Yeah, I know. I know. Sometimes you just want me to shut up and let you have nice things. 

I was offered some ‘Swiss green Opal’ by a seller I’ve dealt with a few times based out of Jaipur, India. I was already buying a few items so figured I’d take a look – but I forgot to do what I normally do, which is ‘have a clue what I’m buying’. 

This is a genuinely attractive material, it has an excellent contrast between the dark and light stripes, as well as a minor chatoyance across the light stripes. It reminded me a little of good quality Russian Amazonite, albeit with a darker green colour. 


Anyway. It arrived, and I was quite pleased with the appearance, but it didn’t strike me as an Opal of any kind,  so I had a quick google… turns out this stuff is apparently Chrysotile in Serpentine. Yes, that Chrysotile. 

Without further information or study, its difficult to tell if this stuff is from Canada or Brazil, both of which have very similar looking Chrysotile deposits. Shouldn’t matter too much, to be honest.

It isn’t Swiss, and it isn’t Opal. It IS Asbestos. 

I can’t (and won’t!) tell you whether this is definitely and absolutely dangerous, but generally speaking I try to avoid having asbestos around unless its in sealed boxes.

As a sidenote: I do have a collection of ‘dangerous’ minerals, including numerous forms of asbestos, mercury ores, uranium ores. They are stored in sealed boxes – they are not especially dangerous when properly stored.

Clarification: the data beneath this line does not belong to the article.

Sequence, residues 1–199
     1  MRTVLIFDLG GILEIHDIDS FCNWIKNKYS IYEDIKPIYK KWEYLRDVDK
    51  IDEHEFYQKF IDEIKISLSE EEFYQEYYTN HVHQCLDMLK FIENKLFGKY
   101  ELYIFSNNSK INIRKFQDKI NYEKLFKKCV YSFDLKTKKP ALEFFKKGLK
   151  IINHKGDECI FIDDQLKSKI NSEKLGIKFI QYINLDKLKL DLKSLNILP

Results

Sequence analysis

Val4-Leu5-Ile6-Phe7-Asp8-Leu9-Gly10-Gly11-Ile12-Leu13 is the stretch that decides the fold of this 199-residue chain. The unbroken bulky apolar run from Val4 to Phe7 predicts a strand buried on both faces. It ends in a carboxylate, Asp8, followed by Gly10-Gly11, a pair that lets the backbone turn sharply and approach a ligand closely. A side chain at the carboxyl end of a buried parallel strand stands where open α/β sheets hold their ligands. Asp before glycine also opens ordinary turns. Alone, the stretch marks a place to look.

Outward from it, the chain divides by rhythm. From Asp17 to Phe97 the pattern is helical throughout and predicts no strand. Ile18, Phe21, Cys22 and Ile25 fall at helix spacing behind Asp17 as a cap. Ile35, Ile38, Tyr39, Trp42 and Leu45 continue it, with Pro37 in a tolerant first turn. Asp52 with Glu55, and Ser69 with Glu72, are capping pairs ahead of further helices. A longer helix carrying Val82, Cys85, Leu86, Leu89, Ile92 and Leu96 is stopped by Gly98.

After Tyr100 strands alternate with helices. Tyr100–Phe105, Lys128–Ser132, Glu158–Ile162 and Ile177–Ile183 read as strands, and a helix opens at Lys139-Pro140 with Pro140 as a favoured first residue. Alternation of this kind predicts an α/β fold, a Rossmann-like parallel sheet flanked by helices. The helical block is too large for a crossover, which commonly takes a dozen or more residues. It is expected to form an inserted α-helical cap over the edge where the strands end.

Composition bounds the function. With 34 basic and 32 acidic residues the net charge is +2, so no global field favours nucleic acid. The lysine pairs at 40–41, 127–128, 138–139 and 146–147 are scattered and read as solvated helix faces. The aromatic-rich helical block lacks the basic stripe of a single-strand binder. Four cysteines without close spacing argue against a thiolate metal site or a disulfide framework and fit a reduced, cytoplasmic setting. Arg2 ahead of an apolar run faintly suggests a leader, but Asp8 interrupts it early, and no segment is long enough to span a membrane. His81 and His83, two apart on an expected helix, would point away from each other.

What makes these pieces worrying is they are cut en cabochon – intended for use in jewellery.

A cursory google search reveals UK sellers selling pendants and jewellery made from this material on Etsy and Ebay, as well as numerous tumbled stones, palmstones, etc.

It is possible that in its cut and polished state, it is relatively safe. I do not know enough about asbestos to be qualified to comment on that.

However, even if it did turn out to be relatively safe, have you honestly never known a customer to break a stone or a piece of jewellery? 

I don’t think its worth the risk. 

In addition, if this is genuinely Chrysotile it is possibly illegal to sell in the UK. Unfortunately, I do not have access to anything with enough magnification to properly examine this specimen – if any gemologist or research happens to read this and does, please feel free to email me and I’ll send a piece to you.